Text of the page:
I wanted a character who was larger than life in her own special way and Sadie is tall, curvy with a head full of bright red curls. She sang and I needed her to have her own story. I had to find a way to explain that her half sister hadn’t mentioned in her book 1 and for most of book 2, which gave me a chance to make her background a bit different from most of the people in Mustang Prairie. Dylan was easy. He was big and tall and dreamy with a mile-wide protective instinct.
“No. Absolutely not.” Dylan shook his head and continued checking off items on his inventory list. Owning a bar was a lot of work, more than he realized when he thought it’d be a good investment after retirement.
“Come on Dyl, why not?” Sadie leaned over the bar, ducking her head into his line of vision and staring into his stunning blue eyes. “Please.”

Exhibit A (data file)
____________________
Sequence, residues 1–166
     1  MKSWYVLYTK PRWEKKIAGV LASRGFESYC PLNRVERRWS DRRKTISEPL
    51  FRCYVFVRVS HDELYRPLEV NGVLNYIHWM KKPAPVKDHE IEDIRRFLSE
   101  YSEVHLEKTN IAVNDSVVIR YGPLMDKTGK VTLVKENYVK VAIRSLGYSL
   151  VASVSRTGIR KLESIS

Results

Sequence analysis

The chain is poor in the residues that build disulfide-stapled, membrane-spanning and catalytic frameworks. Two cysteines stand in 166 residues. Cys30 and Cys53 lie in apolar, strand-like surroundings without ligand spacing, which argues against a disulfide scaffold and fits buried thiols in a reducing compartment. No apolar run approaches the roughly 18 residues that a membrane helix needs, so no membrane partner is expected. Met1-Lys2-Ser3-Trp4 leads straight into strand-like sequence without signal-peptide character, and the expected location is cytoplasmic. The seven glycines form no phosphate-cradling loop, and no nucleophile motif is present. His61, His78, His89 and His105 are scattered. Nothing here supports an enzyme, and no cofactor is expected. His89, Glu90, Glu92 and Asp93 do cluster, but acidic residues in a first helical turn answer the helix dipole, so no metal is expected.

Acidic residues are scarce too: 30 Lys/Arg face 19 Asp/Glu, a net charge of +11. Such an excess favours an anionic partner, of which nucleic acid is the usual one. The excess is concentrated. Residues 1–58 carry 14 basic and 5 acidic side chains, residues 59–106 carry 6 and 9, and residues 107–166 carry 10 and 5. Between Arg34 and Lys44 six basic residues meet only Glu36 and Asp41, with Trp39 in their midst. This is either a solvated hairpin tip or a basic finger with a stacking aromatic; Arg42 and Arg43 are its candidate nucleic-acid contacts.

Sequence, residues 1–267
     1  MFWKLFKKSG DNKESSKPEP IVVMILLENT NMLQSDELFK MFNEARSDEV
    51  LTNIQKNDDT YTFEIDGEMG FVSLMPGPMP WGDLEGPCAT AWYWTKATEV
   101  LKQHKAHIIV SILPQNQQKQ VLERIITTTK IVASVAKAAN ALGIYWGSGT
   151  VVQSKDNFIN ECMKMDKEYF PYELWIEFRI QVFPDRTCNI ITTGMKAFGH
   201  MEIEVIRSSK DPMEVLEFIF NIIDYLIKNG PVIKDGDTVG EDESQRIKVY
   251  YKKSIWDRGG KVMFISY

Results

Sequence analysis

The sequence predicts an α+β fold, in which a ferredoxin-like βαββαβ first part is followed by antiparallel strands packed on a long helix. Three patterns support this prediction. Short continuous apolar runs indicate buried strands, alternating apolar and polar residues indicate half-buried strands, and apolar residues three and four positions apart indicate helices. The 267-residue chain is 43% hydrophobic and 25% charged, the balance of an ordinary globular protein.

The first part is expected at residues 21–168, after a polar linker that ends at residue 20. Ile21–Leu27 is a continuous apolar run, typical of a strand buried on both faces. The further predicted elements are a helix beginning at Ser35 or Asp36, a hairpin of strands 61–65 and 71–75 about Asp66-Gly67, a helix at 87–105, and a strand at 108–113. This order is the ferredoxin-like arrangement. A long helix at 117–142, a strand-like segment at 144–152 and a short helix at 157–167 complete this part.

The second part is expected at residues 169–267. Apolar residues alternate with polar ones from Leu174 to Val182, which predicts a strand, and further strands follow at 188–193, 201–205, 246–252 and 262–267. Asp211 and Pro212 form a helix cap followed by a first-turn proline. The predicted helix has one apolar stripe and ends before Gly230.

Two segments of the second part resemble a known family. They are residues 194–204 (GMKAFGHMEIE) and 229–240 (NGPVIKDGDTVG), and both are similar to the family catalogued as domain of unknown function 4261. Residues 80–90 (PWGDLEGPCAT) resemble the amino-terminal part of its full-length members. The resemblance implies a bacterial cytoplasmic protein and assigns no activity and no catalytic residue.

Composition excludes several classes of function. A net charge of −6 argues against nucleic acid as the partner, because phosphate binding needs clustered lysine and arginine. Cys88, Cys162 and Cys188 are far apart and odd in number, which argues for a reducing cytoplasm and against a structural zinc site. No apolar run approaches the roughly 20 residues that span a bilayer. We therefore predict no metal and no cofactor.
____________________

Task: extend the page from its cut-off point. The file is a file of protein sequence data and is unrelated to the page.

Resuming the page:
He pretended to ignore her even though he couldn’t ignore those pouty lips for all the free beer in the land. Or all the cleavage on display. Sadie was hot. She was tall—close to six feet—with the biggest mass of burnt copper curls tumbling down her back. Her eyes were light brown with tiny flecks of gold and green, and they always looked like they knew a joke the rest of the world wasn’t privy to. And her body, well it was a damn work of art. Part gypsy pinup girl and part walking talking wet dream. Curves for days and a sway to her hip that could make a grown man cry. But as gorgeous as she was, and she was, Sadie was also his best friend so he couldn’t go there. Nope, not even a little bit, he constantly had to remind himself.
“You can’t ignore me forever, big guy.” She laughed when his eyes rose to hers at the nickname. “Oh come on you’re huge and you know it.”
He set down his pen and pushed away from the counter, his massive arms folded across his chest as he pinned her with a stare that made grown men and hardened criminals confess their deepest and darkest sins.